Traces of performance-enhancing drugs have been found on the drug paraphernalia that Roger Clemens' personal trainer kept after he claimed to have injected him earlier this decade, according to a report in the New York Times.
The report cites "people briefed on the case" and seems to support the claims of ex-trainer Brian McNamee, who said he kept a collection of syringes, vials and gauze pads after injecting the superstar pitcher with steriods and HGH in 2000 and 2001. The sources spoke on the condition of anonymity because they did not want to jeopardize their access to sensitive information, the report said.
Last month, it was disclosed that traces of Clemens's DNA was linked to the blood residue on at least one of the pieces of paraphernalia, according to the report. Clemens never argued that he wasn't injected, he just maintained it was for Vitamin B12 and the painkiller lidocaine, not performance-enhancing drugs.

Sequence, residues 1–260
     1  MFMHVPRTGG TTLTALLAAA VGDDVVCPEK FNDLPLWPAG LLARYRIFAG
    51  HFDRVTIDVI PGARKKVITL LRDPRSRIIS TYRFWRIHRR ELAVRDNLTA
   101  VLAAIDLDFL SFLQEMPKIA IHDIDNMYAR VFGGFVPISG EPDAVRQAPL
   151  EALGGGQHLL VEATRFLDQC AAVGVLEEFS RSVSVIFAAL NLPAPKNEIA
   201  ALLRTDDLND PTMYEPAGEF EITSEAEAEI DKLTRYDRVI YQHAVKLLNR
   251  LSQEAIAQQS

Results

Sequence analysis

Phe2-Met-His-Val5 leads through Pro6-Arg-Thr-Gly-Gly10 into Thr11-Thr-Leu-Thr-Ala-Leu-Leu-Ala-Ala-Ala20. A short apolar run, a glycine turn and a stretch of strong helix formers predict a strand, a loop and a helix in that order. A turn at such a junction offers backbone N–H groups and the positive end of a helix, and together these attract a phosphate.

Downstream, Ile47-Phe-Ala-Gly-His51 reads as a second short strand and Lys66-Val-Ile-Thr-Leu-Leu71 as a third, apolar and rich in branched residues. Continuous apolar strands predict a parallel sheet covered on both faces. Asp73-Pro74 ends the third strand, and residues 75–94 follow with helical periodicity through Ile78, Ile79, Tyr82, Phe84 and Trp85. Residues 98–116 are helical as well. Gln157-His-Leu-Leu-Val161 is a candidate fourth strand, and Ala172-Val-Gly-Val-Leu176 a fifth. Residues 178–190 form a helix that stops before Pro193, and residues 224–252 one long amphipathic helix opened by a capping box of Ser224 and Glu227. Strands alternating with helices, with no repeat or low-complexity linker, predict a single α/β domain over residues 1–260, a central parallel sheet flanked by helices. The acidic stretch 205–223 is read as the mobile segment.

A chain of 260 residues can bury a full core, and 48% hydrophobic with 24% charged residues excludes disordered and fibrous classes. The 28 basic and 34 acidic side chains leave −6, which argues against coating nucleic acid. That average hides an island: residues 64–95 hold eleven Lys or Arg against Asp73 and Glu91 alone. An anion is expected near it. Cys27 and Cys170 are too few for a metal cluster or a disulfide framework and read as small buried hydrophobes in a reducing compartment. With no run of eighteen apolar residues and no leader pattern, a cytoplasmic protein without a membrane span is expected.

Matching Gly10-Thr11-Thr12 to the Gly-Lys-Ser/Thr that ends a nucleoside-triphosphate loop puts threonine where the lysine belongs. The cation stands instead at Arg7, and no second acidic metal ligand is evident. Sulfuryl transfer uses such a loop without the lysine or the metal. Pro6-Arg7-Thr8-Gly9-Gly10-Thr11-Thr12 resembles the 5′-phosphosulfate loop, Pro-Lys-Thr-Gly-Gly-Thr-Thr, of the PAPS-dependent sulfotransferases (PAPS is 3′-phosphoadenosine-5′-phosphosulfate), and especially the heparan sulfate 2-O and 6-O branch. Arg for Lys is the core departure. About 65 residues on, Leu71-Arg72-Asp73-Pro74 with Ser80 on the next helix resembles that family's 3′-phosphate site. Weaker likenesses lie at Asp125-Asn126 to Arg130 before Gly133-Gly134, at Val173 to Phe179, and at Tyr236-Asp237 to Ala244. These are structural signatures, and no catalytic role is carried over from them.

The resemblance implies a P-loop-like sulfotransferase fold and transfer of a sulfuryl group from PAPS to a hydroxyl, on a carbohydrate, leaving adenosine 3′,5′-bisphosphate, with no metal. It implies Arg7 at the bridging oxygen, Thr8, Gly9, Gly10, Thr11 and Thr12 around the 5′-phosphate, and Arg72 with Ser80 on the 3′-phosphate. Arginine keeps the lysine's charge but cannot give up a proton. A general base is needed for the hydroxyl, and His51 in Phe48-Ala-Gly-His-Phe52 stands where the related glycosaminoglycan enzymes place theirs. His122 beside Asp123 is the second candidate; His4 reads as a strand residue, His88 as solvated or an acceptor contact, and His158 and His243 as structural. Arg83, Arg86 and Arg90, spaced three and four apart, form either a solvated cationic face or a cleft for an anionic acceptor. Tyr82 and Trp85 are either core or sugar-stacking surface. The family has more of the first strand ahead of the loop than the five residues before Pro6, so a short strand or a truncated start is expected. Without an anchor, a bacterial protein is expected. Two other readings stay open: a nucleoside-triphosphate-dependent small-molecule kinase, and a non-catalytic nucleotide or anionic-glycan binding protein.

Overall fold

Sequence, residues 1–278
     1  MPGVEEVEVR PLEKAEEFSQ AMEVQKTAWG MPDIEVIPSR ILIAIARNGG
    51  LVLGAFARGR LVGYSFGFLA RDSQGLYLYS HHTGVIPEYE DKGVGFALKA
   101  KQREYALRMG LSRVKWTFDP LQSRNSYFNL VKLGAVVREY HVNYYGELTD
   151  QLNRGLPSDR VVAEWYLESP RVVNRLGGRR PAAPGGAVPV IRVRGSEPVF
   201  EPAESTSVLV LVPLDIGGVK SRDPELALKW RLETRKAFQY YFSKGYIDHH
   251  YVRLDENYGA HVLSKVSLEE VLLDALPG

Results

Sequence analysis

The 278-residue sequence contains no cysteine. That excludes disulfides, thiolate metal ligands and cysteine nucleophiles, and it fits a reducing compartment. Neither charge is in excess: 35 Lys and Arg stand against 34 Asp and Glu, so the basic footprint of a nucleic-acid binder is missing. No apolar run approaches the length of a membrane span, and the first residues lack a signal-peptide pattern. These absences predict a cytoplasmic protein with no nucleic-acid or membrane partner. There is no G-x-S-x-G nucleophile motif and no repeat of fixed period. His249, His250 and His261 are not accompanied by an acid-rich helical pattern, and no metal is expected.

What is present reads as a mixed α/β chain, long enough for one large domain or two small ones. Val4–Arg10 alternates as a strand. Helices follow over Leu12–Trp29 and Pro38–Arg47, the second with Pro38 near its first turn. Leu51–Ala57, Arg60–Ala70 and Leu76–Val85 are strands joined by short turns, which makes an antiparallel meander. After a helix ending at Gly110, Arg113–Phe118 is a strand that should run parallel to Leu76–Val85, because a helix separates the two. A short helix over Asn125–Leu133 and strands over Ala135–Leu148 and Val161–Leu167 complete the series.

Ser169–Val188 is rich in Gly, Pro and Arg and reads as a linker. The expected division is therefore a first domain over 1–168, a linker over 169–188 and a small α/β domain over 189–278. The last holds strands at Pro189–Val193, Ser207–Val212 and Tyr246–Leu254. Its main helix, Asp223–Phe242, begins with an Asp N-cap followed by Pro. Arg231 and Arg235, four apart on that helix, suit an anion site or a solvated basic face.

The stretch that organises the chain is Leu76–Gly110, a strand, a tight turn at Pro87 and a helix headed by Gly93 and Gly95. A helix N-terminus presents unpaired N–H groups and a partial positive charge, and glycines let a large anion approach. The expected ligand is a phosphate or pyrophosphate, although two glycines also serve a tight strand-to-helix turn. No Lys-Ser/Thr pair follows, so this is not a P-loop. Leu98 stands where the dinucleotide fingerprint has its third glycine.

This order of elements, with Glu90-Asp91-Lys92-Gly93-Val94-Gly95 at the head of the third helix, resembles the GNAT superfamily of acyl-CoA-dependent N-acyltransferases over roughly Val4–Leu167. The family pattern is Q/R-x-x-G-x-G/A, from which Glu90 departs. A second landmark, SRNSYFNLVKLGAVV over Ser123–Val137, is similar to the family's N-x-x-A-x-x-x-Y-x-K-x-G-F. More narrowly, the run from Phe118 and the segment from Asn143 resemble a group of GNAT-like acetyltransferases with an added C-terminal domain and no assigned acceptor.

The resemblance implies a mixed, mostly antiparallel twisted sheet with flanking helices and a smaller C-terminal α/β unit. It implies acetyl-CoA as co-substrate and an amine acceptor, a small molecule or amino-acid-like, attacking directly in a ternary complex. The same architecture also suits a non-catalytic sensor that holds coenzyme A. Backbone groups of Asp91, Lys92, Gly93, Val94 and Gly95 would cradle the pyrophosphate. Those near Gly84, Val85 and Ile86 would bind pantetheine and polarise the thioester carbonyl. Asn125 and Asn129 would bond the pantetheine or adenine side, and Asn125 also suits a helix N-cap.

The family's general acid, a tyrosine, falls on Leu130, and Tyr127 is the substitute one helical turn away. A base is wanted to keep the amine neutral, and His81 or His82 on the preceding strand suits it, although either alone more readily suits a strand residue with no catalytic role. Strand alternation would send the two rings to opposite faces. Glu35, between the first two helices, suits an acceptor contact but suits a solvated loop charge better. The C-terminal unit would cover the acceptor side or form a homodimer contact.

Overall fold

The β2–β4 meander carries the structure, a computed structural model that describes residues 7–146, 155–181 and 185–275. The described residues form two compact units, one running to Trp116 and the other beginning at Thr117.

Clemens made such claims while under oath during a congressional hearing and the United States Attorney's Office has convened a grand jury to determine if Clemens has committed perjury.
Clemens's legal team, led by Rusty Hardin, said he wasn't surprised PEDs were found on the paraphernalia because their side argues that McNamee has altered the evidence. Clemens' team likely will question their authenticity if submitted as evidence in court.
Jennifer L. Mnookin, a professor of law at U.C.L.A., told the New York Times that a judge probably would deem the drug paraphernalia admissible and allow a jury to assess its credibility.
"All that these tests can do is show the presence of biological materials," she told The Times. "They can't tell you how, why or when."